Programming Languages Timeline

  • Plankalkul

    Plankalkül (German pronunciation for "Plan Calculus") is a computer language designed for engineering purposes by Konrad Zuse between 1943 and 1945. It was the first high-level non-von Neumann programming language to be designed for a computer.

    MATH-MATIC is the marketing name for the AT-3 compiler. It is a early programming language for UNIVAC I and UNIVAC II. It was Intended to be an improvement over FORTRAN. It was designed and created by a group led by Charles Katz in 1957.
  • Fortran

    Fortran (previously FORTRAN) is a general-purpose, imperative programming language that is especially suited to numeric computation and scientific computing. It was originally designed by John Backus at IBM's campus in south San Jose, California in the 1950s for scientific and engineering applications. The name is derived from the IBM Mathematical (For)mula (Tran)slating System.
  • Lisp

    Lisp is a family of computer programming languages that were created as a practical mathematical notation for computer programs, influenced by the notation of Alonzo Church's lambda calculus. Lisp was designed by John McCarthy in 1958 while he was at the Massachusetts Institute of Technology. The named is derived from the term "LISt Processing."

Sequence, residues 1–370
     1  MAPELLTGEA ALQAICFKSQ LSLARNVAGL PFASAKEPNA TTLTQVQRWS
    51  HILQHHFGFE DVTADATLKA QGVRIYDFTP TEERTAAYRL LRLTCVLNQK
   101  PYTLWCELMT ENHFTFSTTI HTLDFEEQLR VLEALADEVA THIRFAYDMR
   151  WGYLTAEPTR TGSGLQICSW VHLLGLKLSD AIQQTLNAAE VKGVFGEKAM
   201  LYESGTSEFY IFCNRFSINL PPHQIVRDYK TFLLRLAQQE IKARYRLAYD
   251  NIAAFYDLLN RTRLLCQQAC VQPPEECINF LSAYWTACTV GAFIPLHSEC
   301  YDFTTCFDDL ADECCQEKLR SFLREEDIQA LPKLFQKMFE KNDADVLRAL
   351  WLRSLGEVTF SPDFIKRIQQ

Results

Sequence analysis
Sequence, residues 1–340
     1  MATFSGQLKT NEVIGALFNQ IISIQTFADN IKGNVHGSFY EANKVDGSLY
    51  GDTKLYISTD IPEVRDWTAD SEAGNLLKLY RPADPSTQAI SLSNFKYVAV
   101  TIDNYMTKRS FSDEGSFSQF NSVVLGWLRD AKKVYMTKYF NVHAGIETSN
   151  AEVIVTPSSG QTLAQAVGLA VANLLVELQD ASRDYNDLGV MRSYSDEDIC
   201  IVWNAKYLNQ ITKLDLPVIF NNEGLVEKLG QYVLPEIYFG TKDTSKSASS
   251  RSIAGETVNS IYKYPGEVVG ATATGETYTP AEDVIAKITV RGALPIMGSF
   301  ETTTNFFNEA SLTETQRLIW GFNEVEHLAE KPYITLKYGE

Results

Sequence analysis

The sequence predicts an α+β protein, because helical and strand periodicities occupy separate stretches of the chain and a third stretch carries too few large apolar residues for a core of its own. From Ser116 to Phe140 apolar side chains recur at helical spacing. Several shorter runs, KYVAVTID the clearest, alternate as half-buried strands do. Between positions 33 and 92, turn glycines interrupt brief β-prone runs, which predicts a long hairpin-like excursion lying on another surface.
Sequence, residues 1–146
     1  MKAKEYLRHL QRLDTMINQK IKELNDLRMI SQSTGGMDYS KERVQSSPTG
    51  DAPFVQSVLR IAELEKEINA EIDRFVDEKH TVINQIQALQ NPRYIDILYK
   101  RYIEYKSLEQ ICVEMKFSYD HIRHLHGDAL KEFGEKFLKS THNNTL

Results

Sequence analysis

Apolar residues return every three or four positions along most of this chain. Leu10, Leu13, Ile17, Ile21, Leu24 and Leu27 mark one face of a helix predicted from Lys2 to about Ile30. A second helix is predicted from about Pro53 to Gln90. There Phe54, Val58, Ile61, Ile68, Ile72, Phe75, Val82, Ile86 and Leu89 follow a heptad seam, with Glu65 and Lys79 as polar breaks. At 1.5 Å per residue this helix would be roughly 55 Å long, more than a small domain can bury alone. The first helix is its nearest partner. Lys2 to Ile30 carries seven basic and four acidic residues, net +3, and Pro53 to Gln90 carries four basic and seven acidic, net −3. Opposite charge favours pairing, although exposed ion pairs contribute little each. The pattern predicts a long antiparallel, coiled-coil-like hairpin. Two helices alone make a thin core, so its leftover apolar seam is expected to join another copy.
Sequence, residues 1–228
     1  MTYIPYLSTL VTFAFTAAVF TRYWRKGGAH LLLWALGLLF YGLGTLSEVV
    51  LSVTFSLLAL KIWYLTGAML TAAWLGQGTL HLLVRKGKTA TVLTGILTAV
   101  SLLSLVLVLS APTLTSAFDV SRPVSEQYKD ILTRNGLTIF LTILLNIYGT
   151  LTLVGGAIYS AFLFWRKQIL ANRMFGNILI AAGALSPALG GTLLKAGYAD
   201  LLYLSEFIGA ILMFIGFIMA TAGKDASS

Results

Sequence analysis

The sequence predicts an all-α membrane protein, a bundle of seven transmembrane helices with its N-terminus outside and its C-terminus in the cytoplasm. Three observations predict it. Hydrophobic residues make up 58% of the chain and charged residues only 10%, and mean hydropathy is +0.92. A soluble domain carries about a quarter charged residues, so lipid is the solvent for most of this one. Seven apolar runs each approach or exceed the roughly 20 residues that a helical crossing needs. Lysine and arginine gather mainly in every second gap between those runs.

COBOL was primarily designed by Grace Hopper. Its name is an acronym for COmmon Business-Oriented Language, defining its primary domain in business, finance, and administrative systems for companies and governments.

    BASIC is a family of general-purpose, high-level programming languages whose design emphasizes ease of use; the name is an acronym for Beginner's All-purpose Symbolic Instruction Code. The original Dartmouth BASIC was designed in 1964 by John George Kemeny and Thomas Eugene Kurtz at Dartmouth College in New Hampshire, USA to provide computer access to non-science students.
  • LOGO

    Logo is a multi-paradigm computer programming language used in education. It is an adaptation and dialect of the Lisp language. Logo was created in 1967 by Daniel G. Bobrow, Wally Feurzeig, Seymour Papert and Cynthia Solomon. It is named after the Greek word Logos, meaning "word."
  • B

    B is a programming language that was developed at Bell Labs. It is now extinct, having been superseded by the C language. It was mostly designed by Ken Thompson, with contributions from Dennis Ritchie.
  • Pascal

    Pascal is an influential and procedural programming language, designed in 1968–1969 and published in 1970 by Niklaus Wirth as a small and efficient language intended to encourage good programming practices using structured programming and data structuring.
  • C

    C is a general-purpose programming language initially developed by Dennis Ritchie between 1969 and 1973 at AT&T Bell Labs. Its design provides constructs that map efficiently to typical machine instructions, and has found lasting use in applications that had formerly been coded in assembly language. C is one of the most widely used programming languages of all time, and there are very few computer architectures for which a C compiler does not exist.